For decades, autism researchers have faced a baffling riddle: how to unravel a disorder that leaves no known physical trace as it develops in the brain. A new UCLA study, published May 25 in the advance online edition of Nature, is the first to reveal how autism makes its mark at the molecular level, resulting in a brain that differs dramatically in structure from a healthy one. The study provides new insight into how genes and proteins go awry in autism to alter the mind. It also identifies a new line of attack for researchers, who currently face a vast array of potential fronts for tackling the neurological disease and identifying its diverse causes. The researchers compared brain tissue samples obtained after death from 19 autism patients and 17 healthy volunteers. After profiling three brain areas previously linked to autism, the group zeroed in on the cerebral cortex, the most evolved part of the human brain. The researchers focused on gene expression: how a gene’s DNA sequence is copied into RNA, which directs the synthesis of cellular molecules called proteins. Each protein is assigned a specific task by the gene to perform in the cell. By measuring gene-expression levels in the cerebral cortex, the team uncovered consistent differences in how genes in autistic and healthy brains encode information. The researchers’ next step was to identify the common patterns. To do this, they looked at the cerebral cortex’s frontal lobe, which plays a role in judgment, creativity, emotions and speech, and at its temporal lobes, which regulate hearing, language and the processing and interpreting of sounds. When the scientists compared the frontal and temporal lobes in the healthy brains, they saw that more than 500 genes were expressed at different levels in the two regions. In the autistic brains, these differences were virtually non-existent.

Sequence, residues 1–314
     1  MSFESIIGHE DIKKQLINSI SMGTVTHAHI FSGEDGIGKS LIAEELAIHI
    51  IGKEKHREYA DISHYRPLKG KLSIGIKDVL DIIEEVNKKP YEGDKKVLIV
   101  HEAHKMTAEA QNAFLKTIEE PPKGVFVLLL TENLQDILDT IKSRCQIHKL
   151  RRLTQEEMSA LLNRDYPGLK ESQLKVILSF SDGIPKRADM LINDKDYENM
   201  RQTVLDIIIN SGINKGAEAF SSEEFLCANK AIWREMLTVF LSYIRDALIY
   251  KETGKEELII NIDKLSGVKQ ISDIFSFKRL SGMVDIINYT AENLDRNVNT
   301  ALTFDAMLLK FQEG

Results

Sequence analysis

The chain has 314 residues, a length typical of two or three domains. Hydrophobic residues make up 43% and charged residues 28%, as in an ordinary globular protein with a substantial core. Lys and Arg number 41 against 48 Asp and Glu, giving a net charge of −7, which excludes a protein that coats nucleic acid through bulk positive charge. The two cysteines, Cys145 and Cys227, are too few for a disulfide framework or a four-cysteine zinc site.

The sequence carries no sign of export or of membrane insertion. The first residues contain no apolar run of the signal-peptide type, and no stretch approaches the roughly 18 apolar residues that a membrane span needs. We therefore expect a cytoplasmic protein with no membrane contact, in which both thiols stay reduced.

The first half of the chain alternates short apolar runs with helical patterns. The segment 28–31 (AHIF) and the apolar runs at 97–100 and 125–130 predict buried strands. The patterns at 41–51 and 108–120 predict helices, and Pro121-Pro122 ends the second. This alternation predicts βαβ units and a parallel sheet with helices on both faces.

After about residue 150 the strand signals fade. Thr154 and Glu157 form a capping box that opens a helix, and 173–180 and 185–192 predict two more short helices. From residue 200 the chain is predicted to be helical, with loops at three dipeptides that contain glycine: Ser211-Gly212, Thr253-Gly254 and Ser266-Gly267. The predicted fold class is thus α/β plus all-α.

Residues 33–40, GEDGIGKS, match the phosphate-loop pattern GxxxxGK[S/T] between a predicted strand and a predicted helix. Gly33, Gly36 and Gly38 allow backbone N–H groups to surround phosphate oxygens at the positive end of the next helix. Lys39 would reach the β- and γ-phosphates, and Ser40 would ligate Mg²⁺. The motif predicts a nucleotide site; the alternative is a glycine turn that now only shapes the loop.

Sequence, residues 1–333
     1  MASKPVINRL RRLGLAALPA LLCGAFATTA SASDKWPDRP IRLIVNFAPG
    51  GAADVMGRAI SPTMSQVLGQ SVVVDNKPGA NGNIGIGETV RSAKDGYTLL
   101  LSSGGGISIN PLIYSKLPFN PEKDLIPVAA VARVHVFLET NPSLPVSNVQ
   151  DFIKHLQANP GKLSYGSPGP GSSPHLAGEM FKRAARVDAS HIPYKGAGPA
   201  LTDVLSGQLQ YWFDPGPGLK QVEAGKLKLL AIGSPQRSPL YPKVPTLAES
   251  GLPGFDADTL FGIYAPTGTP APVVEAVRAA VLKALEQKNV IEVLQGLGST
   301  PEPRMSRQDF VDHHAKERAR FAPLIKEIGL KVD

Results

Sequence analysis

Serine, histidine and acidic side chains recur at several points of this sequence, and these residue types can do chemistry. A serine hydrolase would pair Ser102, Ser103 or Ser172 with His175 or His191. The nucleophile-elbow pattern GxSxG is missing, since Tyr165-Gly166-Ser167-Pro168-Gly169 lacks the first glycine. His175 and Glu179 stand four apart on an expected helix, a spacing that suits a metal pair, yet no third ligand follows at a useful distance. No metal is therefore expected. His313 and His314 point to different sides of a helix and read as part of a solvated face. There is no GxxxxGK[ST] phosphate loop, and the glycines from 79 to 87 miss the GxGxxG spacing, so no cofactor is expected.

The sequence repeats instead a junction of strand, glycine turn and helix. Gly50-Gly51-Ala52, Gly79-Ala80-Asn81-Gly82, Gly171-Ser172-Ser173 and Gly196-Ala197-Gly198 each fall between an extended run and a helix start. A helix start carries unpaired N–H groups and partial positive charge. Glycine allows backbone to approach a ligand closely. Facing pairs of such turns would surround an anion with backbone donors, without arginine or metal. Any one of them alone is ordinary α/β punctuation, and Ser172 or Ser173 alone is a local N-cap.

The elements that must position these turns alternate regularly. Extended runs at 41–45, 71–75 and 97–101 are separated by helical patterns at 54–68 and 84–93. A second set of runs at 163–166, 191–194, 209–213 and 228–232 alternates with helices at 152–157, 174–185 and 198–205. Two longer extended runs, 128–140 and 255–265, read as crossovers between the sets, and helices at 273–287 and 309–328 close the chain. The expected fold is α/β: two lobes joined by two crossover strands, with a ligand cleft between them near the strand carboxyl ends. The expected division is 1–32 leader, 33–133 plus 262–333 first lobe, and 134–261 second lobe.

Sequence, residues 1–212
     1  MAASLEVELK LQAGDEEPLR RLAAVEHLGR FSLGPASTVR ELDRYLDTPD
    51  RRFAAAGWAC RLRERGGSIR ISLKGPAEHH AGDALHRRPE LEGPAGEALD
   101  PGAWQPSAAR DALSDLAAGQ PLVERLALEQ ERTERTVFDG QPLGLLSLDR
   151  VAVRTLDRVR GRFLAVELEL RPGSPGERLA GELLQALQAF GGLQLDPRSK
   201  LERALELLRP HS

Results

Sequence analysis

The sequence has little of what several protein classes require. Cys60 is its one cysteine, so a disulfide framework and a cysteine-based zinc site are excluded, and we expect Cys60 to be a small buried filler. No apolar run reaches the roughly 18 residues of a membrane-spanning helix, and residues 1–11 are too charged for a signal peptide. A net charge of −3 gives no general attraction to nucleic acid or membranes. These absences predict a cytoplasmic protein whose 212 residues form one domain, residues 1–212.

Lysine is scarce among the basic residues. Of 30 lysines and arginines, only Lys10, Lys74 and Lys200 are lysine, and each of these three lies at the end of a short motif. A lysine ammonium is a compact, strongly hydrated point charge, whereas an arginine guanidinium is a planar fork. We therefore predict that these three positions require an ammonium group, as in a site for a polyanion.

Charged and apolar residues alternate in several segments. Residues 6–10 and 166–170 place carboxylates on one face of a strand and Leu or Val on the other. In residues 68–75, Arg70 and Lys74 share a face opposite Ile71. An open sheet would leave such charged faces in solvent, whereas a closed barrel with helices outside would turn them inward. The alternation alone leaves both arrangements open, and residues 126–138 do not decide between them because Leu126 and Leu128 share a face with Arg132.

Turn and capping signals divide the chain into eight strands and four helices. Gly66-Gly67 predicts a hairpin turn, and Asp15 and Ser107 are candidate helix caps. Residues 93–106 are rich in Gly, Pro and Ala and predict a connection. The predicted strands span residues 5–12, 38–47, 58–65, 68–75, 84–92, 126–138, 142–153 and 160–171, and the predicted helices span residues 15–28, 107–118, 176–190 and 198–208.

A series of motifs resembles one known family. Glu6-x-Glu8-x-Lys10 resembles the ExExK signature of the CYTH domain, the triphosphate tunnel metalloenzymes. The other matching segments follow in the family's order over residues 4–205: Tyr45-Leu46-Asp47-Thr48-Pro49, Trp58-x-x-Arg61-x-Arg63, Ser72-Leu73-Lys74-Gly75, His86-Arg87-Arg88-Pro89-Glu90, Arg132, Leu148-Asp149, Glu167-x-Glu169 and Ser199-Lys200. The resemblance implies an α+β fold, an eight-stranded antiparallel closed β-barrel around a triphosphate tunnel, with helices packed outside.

Autism is a complex brain disorder that strikes in early childhood. The disease disrupts a child’s ability to communicate and develop social relationships and is often accompanied by acute behavioral challenges. In the U.S., autism spectrum disorders are diagnosed in one in 110 children. The UCLA Center for Autism Research and Treatment provides diagnosis, family counseling, clinical trials and treatment for patients with autism. UCLA is one of eight centers in the National Institutes of Health–funded Studies to Advance Autism Research and Treatment network and one of 10 original Collaborative Programs for Excellence in Autism.
UCLA neural stem cell research might benefit patients with stroke and autism
New UCLA study: Can traumatic memories be erased?
Smoking impacts teens’ brains, UCLA study reports
New UCLA microscope studies the brain in 3-D
UCLA study finds structural brain alterations in women with irritable bowel syndrome